Superintendents may be likened to the CEO of a Fortune 500 company, said Lawrence Picus, vice dean for faculty affairs and a professor at the USC Rossier School of Education. But superintendents, Picus added, are charged with something more important than simply raising money: They help shape the minds of children.
As such, their duties are more essential than the chief of, say, Citibank, he said.
“Superintendents,” Picus said, “are horrendously underpaid” compared to those charged with running the same-sized organization in the private sector, adding that “beating them up over salaries seems unfair.”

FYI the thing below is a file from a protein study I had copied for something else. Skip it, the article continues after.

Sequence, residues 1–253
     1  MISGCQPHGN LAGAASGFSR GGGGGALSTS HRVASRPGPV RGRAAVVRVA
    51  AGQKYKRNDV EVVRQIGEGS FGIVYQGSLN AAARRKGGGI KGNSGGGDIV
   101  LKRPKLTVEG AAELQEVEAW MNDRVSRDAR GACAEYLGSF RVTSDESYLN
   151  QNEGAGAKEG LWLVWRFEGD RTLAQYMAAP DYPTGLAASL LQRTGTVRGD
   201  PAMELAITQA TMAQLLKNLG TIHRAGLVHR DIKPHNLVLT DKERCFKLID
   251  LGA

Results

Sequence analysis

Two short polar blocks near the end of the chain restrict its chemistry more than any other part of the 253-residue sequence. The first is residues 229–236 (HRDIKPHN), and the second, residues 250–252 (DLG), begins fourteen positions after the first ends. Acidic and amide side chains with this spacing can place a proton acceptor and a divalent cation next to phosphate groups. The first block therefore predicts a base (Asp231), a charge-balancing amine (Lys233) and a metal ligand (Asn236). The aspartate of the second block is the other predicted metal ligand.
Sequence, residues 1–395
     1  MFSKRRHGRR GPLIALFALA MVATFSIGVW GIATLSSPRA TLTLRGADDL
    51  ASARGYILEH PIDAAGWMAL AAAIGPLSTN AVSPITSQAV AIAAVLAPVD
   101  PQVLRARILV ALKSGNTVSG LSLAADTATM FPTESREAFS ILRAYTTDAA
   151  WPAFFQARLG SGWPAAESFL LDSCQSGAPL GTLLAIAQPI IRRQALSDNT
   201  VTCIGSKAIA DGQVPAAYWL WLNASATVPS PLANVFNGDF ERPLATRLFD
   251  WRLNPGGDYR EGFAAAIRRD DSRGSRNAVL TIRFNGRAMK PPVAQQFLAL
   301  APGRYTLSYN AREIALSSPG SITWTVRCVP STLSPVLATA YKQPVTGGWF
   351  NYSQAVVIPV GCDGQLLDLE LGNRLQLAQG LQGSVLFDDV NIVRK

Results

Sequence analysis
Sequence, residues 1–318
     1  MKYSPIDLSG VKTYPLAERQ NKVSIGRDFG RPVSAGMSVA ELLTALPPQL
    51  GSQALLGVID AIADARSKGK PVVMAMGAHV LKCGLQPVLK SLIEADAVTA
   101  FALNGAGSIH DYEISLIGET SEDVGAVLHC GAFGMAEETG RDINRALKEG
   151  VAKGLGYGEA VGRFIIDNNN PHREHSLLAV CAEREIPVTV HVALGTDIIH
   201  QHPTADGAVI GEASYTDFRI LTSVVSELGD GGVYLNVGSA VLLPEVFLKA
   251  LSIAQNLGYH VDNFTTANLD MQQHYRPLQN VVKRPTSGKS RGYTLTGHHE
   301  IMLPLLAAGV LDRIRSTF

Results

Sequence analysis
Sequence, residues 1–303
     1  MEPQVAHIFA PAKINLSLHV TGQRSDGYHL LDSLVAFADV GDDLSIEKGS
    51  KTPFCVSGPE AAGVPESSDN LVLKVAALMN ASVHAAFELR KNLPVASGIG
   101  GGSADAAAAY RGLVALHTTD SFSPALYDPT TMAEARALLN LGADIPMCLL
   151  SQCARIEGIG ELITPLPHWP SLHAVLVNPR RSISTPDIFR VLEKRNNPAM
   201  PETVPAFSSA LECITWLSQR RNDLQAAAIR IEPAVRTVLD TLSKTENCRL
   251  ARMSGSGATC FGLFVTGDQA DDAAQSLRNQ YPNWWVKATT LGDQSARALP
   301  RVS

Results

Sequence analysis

Compounding the problem is that California has slashed the amount of per-student funding to an average of $8,908 in the 2010-11 school year, compared with $11,764 for the rest of the nation, according to the California Budget Project.
“California dramatically underinvests in schools,” Picus said.